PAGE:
Since my last visit at the Dogodogo centre before the pandemic, many things have changed. For the time beeing there are 86 children (against only 34 street children earlier) divided in two groups: 32 street children staying for 2-3 years in order to learn a profession and to come back to normal life. During the covid period the State of Tanzania placed 22 joung children at the centre to protect them for different reasons. These young children go to school outside the centre.
Some other 32 children have been placed at the centre for protection reasons. 10 of the youngest ones go to Kindergarten, the others to primary or secondary school. For these children the school fees for the outside schools have to be paid. The director of the center has started a project to renovate existing class rooms to start with the Daniel Brottier school centre.
The second existing dormitory has been renovated for the younger boys. A sanitary block with showers and toilets has been built close by the dormitories.
Now the dormitory for the girls has to be renovated, also a sanitary block has to be built close to the dormitory. A big room will be built to join the two girls dormitories to give the possibility for the girls to take meals in the evening near the dormitory and to study in the afternoon, read books and watch TV.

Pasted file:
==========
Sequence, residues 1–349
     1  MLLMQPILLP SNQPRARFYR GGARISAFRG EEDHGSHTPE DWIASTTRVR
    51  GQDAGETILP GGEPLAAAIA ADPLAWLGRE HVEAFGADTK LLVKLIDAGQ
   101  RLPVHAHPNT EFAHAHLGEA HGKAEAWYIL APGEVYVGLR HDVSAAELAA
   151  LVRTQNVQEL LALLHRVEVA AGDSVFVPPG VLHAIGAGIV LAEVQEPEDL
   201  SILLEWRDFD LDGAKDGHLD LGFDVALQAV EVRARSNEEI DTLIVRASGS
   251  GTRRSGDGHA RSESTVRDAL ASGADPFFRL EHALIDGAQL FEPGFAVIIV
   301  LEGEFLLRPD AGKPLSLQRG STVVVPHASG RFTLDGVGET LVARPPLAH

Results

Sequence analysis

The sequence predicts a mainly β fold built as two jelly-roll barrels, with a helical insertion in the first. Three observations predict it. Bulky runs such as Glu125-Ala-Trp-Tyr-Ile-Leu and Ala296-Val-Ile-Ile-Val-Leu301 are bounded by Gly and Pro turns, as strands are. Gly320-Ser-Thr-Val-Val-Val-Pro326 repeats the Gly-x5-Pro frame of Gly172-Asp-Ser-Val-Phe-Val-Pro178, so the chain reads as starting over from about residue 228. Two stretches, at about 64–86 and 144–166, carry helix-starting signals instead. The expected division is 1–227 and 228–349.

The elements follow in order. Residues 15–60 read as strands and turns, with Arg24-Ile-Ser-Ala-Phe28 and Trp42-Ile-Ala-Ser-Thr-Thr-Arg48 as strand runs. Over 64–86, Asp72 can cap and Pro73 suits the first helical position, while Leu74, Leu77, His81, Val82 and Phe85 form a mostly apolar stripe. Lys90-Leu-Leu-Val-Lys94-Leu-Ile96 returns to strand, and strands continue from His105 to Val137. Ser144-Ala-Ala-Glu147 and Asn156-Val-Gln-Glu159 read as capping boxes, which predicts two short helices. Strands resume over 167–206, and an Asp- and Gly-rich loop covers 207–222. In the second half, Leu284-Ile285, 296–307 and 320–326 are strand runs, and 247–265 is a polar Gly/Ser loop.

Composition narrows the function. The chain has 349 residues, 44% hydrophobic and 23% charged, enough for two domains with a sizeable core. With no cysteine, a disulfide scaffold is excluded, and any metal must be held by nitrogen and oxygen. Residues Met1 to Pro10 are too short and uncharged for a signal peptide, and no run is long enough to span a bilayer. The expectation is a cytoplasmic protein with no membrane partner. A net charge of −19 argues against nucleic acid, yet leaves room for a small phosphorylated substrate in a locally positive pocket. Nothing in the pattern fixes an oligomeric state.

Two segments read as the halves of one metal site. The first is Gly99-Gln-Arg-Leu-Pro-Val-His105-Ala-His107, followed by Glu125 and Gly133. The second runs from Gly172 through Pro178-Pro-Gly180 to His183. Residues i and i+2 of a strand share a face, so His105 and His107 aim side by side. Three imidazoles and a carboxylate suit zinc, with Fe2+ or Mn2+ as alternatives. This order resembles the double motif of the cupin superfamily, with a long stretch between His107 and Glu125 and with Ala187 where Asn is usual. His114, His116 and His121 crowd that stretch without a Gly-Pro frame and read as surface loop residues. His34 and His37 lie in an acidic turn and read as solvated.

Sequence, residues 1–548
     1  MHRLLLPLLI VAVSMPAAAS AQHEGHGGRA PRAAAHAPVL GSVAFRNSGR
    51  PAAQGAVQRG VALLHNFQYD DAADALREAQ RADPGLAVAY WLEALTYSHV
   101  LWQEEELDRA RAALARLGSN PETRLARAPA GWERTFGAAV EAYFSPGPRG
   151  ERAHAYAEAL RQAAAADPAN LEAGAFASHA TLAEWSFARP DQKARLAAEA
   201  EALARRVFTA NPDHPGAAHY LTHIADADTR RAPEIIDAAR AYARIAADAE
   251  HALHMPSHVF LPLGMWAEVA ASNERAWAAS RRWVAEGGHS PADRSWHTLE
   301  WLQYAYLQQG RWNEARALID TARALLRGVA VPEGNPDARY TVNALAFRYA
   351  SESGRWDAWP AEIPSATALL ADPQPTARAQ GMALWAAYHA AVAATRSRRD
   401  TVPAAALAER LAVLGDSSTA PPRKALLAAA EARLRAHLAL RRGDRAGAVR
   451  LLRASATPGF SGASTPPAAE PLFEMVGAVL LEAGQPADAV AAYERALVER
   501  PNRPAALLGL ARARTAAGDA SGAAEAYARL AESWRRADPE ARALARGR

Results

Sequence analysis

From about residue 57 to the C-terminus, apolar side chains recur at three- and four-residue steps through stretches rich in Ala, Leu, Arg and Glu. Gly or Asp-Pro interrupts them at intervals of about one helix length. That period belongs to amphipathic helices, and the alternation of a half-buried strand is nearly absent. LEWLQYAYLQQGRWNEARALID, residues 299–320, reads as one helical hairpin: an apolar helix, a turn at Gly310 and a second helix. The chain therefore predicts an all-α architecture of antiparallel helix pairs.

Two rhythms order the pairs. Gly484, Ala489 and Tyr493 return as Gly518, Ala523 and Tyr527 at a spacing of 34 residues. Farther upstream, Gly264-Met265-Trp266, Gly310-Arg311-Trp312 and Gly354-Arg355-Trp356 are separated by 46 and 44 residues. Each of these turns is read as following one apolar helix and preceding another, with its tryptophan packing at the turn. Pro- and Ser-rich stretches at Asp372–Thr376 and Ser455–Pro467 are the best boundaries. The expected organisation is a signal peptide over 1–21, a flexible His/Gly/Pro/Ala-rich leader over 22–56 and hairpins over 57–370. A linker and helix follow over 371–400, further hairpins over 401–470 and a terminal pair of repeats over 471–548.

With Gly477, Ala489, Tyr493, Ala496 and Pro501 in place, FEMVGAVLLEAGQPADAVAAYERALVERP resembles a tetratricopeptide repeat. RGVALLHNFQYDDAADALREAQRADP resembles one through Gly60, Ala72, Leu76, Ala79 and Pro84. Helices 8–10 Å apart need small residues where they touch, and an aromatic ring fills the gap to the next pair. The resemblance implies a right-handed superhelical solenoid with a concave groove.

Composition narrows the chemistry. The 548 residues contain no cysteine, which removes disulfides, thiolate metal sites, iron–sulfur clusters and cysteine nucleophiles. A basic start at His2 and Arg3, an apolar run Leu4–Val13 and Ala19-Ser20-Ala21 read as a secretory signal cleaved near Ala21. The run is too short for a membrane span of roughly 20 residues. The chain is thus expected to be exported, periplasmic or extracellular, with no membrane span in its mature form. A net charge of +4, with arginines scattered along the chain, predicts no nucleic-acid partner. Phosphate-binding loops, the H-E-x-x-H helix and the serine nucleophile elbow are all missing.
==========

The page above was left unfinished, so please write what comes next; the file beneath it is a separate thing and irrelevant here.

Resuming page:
The classes of sewing and carpenting have now their own showrooms. Some items are sold to occasional visitors.
The vegetable garden is producing enough to feed the children. And there are enough cows, porcs, goats, chicken, ducks and turkeys to produce the meat, milk, and eggs for the proteins and calcium the children need. They even manage to sell some products for the neighbours and this money will be used to buy corn flour, sunflower oil, sugar and salt.
The walls of the buildings have been repainted and the mosquito nets have been replaced, some flowers have been planted; the campus looks well taken care of.
There is a very nice atmosphere in the centre , the older children help the younger ones. It is difficult to imagine that these children have very tough pasts. Dar es Salaam signifies ‘haven of peace’ – a very nice place for these children